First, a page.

Should LED Headlights Be Regulated More Strictly?

Should LED Headlights Be Regulated More Strictly?


Dazzling LED headlights are becoming a significant hazard for drivers, according to recent research.

It’s led to questions over whether tighter regulation on the brightness of LED lights on cars and vehicles should be implemented in the UK.

As well as brightness, restrictions on height and a mandatory automatic levelling could help protect other drivers, according to the study.

Given the increase in larger SUV vehicles on the road, many drivers are reporting that the height of LED headlights (as well as the brightness) means it’s directly in their vision when vehicles are oncoming, causing many to be dazed.

Are LED Headlights A Serious Safety Hazard?

A poll of drivers found that 76% have been blinded by the headlights of oncoming vehicles, with more than half being dazzled by headlights from vehicles behind them.

Even brake lights are an issue for some drivers, with 26% saying they’ve been blinded in stationary traffic and 17% in moving traffic.

There are several factors that are causing drivers to be dazzled by headlights, including:

  • The angle at which the headlights are seen
  • The increased power of LED technology in headlights
  • The different way in which the human eye perceives blue light from LEDs compared to yellow halogen lights

Additionally, two-thirds of drivers who are struggling with oncoming headlights say it’s happening more frequently, while 64% also believe they’re at an increased risk of collisions because of it.

Are There Any Plans For Increased LED Regulation On Vehicles?

While there’s not currently any concrete plans for new regulation on LED lighting on vehicles, more research is being conducted into the issues that drivers are facing.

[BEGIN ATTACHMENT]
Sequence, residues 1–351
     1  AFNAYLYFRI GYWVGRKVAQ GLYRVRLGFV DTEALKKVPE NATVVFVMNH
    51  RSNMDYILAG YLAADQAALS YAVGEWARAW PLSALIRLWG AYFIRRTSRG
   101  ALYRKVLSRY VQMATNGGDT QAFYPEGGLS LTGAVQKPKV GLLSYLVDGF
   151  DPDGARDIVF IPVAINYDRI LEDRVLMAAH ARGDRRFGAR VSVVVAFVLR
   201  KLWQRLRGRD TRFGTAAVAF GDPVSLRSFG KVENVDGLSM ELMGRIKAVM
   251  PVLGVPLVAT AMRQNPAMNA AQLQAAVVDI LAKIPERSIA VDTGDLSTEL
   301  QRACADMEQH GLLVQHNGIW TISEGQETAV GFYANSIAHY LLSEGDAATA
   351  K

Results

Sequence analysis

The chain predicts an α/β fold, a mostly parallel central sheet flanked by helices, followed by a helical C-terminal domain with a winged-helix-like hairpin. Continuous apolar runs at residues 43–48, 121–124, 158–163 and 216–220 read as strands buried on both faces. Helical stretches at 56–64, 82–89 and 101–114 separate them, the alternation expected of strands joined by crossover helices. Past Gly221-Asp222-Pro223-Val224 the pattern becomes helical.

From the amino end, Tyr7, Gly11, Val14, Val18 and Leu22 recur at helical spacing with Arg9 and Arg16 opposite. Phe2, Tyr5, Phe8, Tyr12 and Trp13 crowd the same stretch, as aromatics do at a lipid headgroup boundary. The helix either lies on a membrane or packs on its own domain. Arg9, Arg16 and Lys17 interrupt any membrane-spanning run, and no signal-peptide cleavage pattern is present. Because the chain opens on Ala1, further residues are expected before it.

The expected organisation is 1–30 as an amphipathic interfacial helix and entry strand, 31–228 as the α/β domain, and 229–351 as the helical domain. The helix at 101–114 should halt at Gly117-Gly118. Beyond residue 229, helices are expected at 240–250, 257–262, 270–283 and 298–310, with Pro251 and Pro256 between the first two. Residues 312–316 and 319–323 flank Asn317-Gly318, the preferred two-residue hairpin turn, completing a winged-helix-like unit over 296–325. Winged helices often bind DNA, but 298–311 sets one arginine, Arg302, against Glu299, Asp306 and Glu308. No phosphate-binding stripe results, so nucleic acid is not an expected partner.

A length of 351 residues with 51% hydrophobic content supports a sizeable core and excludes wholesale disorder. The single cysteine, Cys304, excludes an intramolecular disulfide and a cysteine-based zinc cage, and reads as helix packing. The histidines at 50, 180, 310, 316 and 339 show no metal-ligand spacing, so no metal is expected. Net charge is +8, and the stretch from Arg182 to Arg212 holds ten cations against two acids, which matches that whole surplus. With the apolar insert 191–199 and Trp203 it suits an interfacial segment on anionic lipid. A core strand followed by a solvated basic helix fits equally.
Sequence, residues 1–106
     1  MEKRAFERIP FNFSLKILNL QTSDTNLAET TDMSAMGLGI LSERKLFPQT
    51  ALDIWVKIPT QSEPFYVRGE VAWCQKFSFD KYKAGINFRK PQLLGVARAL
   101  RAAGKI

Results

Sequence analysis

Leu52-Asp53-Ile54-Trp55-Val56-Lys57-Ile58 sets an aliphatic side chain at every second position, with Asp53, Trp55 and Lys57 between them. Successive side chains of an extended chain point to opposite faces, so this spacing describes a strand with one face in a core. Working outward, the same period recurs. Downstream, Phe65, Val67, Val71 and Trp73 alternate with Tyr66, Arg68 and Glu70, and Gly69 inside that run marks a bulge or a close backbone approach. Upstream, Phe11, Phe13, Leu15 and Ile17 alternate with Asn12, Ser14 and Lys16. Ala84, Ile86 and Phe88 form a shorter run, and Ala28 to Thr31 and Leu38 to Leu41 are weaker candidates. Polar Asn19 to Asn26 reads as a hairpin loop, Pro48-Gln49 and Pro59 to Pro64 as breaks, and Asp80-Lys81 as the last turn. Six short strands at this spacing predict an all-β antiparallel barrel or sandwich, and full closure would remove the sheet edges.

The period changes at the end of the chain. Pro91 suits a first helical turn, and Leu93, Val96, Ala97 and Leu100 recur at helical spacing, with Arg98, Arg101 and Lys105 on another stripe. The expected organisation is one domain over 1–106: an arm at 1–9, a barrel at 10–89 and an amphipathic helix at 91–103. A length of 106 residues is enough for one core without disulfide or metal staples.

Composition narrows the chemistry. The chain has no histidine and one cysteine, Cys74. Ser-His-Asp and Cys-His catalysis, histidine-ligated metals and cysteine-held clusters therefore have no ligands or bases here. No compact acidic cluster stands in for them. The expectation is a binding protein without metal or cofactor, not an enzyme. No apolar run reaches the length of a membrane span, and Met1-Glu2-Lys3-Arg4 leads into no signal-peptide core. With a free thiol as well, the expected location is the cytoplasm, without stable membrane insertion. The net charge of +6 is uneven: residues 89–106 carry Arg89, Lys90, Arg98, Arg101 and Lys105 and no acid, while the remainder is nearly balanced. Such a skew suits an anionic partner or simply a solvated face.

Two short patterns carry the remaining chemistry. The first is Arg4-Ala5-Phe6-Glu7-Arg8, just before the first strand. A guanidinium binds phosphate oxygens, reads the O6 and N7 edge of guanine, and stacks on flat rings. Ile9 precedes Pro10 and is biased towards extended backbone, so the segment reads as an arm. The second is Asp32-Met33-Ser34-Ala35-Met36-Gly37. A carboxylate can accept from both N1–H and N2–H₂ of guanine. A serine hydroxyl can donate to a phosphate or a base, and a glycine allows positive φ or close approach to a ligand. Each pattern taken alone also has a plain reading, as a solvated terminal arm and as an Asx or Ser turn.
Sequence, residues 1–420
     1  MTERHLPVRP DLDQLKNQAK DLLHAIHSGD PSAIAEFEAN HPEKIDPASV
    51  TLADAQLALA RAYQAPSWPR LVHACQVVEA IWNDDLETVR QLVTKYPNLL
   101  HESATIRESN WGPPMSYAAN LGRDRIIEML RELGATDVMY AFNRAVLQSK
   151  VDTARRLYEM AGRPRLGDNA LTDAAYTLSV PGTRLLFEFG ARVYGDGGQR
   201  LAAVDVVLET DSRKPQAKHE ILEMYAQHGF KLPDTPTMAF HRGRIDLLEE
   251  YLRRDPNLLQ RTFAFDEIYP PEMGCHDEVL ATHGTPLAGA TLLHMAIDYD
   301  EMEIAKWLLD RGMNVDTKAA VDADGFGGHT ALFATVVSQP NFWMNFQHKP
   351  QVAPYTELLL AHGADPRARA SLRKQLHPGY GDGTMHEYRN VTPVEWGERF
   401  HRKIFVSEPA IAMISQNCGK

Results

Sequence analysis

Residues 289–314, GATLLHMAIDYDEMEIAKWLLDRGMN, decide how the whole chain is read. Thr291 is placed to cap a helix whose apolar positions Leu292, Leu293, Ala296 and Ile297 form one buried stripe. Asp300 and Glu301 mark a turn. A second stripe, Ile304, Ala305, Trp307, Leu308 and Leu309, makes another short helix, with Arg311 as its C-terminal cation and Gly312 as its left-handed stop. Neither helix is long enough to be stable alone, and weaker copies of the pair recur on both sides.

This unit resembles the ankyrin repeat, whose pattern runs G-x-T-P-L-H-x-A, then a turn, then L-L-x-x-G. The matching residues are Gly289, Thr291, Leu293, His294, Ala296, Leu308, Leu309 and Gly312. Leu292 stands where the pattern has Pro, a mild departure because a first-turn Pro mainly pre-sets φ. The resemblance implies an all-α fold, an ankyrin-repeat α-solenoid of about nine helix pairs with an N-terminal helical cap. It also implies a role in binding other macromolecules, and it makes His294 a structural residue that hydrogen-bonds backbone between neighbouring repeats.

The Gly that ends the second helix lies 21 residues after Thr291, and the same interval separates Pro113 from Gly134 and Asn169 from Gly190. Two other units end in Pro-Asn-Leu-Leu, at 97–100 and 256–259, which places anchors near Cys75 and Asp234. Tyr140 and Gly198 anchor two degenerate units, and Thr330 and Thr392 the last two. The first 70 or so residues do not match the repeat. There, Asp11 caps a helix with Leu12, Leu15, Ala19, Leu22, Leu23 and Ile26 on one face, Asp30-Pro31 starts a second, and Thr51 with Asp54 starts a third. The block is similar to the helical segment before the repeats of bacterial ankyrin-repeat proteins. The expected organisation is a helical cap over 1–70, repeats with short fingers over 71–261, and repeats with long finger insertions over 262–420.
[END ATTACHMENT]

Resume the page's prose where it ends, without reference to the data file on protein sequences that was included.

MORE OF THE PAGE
Given that being unable to see for just 1 second while driving at 60mph would see the vehicle travel 13 metres, it’s clear that it’s a potential hazard.

The issue appears to be a combination of the angle of the headlight beams, the power of the headlights and how drivers use the headlights (whether that’s full beam or dipped).

And the research seems to reflect that, with 61% of drivers in lower vehicles saying they’ve experienced issues with headlight glare from taller vehicles, while just 28% of drivers of taller vehicles have reported issues.

This could mean a disparity in the relative chances of headlight glare causing issues depending on the type of vehicle you’re driving – for example, it appears that an HGV driver shouldn’t experience many (if any) issues…

But someone in a smaller van, hatchback, or estate could experience headlight glare from that very HGV.

What Do The Guidelines Say?

The regulations that oversee lighting on vehicles are decided by the United Nations, with the government in the UK having input on those decisions.

Of course, there is scope for the government to introduce specific legislation around the brightness of lighting on vehicles, as well as the height and mandatory automatic levelling…

But the likelihood is it will take a significant amount of research before widespread changes are considered, given that changes usually come through the UN.

Have you found yourself having issues with headlights or brake lights on oncoming vehicles or stationary vehicles? Do you think new legislation around LED lighting on vehicles should be introduced? Let us know in the comments below.